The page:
What Are The Safety Rules At Home For Children?
Your home is the safest place for your children, but this does not mean that you should not teach your children. As much as you want to be able to monitor your children 24/7, there are just times when accidents can happen.
The most common accidents around the home often involve slips, falls, and choking on toys. Other common accidents are knife-related injuries, burns, and ingesting of poisonous substances. After accidents, the most important thing to teach your children is home safety instructions on how to interact with strangers. Here are some simple guidelines that you can follow to help teach your children about safety rules at home.
What Are the Safety Rules at Home?
Here are some of the few but essential answers to the question, “What are the safety rules at home for children?”
The Emergency Contact List
Communication is essential in today's world, and every child in your home must be taught how to use a telephone regardless of age. It is an essential part of what the safety rules at home are.
In the USA, it is easy to remember the main emergency number “911”. However, it is not merely enough to have your children memorize this number; they should also know how to properly speak to an operator so that the 911 operator can send them the help that they need.
Aside from knowing the 911 emergency number, you should also have a list of emergency contacts such as the local police department, fire department, paramedics, and trusted family friends in a visible and easily accessible place.
Knowing emergency numbers is not enough. Your children must also know how to identify dangerous situations and the proper emergency personnel to contact. One effective way to teach your children how to identify these situations is through role-playing. You can also use these role-playing sessions to teach your child how to state their name and complete address properly.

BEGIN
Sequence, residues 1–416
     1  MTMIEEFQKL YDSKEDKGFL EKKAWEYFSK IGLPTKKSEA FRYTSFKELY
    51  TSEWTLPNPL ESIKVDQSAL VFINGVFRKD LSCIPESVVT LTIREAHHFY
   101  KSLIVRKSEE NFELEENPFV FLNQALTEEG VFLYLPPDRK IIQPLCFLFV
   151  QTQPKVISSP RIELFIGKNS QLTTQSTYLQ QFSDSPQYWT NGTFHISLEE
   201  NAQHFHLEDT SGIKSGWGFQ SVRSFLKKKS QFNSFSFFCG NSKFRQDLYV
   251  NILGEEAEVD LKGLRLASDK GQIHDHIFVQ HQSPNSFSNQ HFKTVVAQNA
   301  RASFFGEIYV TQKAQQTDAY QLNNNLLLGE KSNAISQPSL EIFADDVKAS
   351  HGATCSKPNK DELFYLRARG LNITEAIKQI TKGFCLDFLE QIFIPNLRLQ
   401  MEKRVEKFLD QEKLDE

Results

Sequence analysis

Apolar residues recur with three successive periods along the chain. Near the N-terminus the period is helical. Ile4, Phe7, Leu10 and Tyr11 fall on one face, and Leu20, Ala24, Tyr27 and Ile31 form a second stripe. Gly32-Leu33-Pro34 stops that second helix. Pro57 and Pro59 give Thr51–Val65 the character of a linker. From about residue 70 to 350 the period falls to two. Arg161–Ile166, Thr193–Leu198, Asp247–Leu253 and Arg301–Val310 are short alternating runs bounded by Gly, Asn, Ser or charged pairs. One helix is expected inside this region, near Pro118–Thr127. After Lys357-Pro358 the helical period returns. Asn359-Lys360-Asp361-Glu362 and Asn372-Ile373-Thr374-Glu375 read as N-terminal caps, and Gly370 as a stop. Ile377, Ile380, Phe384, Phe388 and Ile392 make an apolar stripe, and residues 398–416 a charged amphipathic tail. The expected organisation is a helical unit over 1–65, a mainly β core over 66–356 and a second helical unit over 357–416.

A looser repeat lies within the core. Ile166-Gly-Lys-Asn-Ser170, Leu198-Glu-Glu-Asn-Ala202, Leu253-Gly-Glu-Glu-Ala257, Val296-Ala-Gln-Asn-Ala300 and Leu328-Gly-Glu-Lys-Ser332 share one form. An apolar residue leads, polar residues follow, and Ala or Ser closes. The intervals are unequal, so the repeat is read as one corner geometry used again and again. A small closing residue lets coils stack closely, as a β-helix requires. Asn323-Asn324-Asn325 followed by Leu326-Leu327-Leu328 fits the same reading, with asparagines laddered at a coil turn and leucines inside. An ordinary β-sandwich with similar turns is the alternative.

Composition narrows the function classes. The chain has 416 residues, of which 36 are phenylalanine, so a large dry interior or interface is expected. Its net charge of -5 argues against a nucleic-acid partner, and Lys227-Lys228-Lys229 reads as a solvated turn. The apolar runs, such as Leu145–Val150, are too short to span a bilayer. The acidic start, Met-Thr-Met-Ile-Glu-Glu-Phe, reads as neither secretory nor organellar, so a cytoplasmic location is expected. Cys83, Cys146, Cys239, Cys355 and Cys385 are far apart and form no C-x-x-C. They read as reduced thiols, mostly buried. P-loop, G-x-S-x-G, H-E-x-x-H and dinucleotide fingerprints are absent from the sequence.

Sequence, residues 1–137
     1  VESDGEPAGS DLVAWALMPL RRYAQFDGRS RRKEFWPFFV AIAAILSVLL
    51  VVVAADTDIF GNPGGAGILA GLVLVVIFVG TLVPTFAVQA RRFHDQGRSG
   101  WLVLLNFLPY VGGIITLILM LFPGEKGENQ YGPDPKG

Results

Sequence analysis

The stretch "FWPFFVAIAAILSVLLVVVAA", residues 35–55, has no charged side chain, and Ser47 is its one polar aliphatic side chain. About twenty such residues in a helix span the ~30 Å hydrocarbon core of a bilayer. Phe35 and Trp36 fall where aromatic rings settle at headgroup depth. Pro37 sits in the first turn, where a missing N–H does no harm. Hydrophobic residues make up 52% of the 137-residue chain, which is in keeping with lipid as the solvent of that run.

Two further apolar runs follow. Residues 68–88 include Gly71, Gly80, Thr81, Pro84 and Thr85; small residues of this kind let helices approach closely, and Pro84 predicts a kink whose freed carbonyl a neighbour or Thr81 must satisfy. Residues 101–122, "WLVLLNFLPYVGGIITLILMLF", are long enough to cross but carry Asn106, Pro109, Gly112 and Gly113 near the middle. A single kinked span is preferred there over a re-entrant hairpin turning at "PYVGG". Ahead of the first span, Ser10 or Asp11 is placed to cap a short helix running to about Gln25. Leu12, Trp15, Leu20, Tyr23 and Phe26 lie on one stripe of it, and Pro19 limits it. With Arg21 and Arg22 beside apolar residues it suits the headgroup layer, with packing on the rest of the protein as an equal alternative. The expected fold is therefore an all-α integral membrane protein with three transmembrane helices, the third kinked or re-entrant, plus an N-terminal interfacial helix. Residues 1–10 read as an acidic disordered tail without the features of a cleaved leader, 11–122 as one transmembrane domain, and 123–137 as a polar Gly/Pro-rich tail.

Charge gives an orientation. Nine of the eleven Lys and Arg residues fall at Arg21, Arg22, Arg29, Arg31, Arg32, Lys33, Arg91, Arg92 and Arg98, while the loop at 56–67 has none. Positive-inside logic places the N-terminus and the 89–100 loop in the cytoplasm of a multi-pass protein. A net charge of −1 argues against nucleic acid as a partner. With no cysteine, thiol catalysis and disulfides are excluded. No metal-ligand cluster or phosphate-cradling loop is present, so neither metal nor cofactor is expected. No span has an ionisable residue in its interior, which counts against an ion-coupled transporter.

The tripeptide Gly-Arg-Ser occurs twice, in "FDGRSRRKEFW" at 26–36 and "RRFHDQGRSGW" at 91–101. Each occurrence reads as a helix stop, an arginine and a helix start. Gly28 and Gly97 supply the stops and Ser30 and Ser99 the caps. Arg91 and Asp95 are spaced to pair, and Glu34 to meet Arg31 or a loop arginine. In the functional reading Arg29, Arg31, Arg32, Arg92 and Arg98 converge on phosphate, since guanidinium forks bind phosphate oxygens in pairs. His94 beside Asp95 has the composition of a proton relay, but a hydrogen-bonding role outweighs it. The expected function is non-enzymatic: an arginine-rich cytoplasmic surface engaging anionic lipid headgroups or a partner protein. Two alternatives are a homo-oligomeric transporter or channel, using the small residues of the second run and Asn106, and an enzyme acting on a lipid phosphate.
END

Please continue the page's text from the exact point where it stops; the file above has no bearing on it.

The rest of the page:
Operating a Security System
If your home has a security system installed, it is important to teach your children how to properly operate the system, such as how to activate it when they come home from school or deactivate a false alarm. Many home security systems also come with a panic button that will alert local authorities.
It can be stressful and scary for children when a home security alarm goes off, and they are alone. This is why it is important to take them away from how the security system works in your home.
Stranger Danger is Still Important
"Stranger danger" is an idea that has been taught to countless generations of children, and in today's ever-connected world, teaching your children how to recognize and interact with children safely is more critical than ever.
If you shop online regularly, you probably have delivery personnel who visit your home. Of course, there are always the "usual" strangers, such as door-to-door salesmen, missionaries, and even the occasional person who is looking for directions.